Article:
sb56637
Member since:
2006-05-11

Unless it's free AND factory installed, it will not be adopted by masses. Linux geeks are generally happy with the 100% free distros. And as far as the rest of the people know, Windows is also free because it comes pre-installed on their PC, and they just accept as normal all the problems that Windows has. I hope this effort brings some good results for RH and the Linux community in general. Maybe RH could distribute the OS for free but offer payed support.

Reply Score: 4

RE: Cost
by Doc Pain on Mon 19th Mar 2007 21:23 UTC in reply to "Cost"
Doc Pain Member since:
2006-10-08

"Unless it's free AND factory installed, it will not be adopted by masses."

"Windows" is not free and has been adopted by the masses, too. Furthermore, PCs sold with Linux preinstalled will soon have their hard disks wiped and Linux replaced by a pirated copy of some "Windows".

"And as far as the rest of the people know, Windows is also free because it comes pre-installed on their PC, and they just accept as normal all the problems that Windows has."

People pay for presinstalled "Windows"; this is usually refered to as the "Windows tax" which is included in the whole price of the PC itself. "Windows" is not free, people are just made think it was.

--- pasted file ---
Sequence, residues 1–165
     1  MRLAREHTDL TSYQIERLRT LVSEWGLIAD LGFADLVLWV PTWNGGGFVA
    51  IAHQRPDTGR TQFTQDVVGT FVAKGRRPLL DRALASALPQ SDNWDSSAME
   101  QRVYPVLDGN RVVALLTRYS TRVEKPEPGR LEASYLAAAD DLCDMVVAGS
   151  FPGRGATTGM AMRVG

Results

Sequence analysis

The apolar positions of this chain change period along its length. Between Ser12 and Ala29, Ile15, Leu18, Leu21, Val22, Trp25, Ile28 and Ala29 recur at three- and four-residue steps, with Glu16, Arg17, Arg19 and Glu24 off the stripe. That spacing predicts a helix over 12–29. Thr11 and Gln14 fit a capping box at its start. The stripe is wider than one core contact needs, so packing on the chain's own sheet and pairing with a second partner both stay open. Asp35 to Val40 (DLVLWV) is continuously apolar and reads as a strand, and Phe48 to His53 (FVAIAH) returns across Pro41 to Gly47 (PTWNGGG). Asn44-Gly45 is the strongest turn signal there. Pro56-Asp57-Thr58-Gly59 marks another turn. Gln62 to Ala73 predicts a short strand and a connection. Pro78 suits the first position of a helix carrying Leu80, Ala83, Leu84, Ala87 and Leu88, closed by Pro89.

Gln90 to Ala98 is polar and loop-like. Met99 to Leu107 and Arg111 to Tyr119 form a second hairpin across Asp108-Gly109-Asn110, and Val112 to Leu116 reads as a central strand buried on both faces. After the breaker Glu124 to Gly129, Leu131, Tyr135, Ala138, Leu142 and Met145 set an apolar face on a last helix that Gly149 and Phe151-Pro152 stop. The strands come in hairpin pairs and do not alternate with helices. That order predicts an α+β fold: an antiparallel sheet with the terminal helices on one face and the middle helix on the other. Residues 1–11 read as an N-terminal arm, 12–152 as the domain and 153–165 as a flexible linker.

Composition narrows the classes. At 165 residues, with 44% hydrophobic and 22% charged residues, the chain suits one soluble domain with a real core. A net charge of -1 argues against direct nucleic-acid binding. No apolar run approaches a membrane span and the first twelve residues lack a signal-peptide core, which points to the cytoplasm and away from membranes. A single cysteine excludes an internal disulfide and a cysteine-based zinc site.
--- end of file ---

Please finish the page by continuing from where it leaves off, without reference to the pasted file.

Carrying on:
"I hope this effort brings some good results for RH and the Linux community in general. Maybe RH could distribute the OS for free but offer payed support."

I would see this a good solution. But furthermore, advertising is needed to make people aware that they have a good alternative to "Windows", so they do not think anymore that nothing else exists. Linux should be available at local shops, too, in a pretty box with installation media and maybe a handbook with nice pictures in it.

Sun offers a similar solution, as you might know. Solaris is free, while you can buy support from Sun. Especially corporate customers use this offer.

Reply Score: 2

RE[2]: Cost
by jdrake on Mon 19th Mar 2007 23:03 UTC in reply to "Cost"
jdrake Member since:
2005-07-07

It does not have to be *free* (beer), it just has to have a transparent cost. As evidenced by Microsoft Windows.

However if you had read the article you would know that they are not targeting the mass market of consumers.

"Asked if part of the strategy is the mass consumer market, Cornier responded that Red Had has "no plans to go and sell this offering at Best Buy, if that's what you mean by the mass consumer market."

Reply Score: 2

v hmmmm
by viator on Mon 19th Mar 2007 21:13 UTC
RE: hmmmm
by sukru on Mon 19th Mar 2007 21:18 UTC in reply to "hmmmm"
sukru Member since:
2006-11-19

So they are scrapping rpm for apt? :p

Maybe not much news atm, but there exists apt for rpm: http://freshrpms.net/apt/

By the way rpm (or deb) and apt (or yum, urpmi, smart, etc) are at different levels in package management.

Edited 2007-03-19 21:19

Reply Score: 5

RE: hmmmm
by DaBigEnchilada on Mon 19th Mar 2007 22:10 UTC in reply to "hmmmm"
DaBigEnchilada Member since:
2006-01-10

Seems like this case gets made every time a "Ubuntu vs. SomethingElse" article gets posted. The first response made note of it, but:

comparing RPM to "apt" is comparing apples to oranges.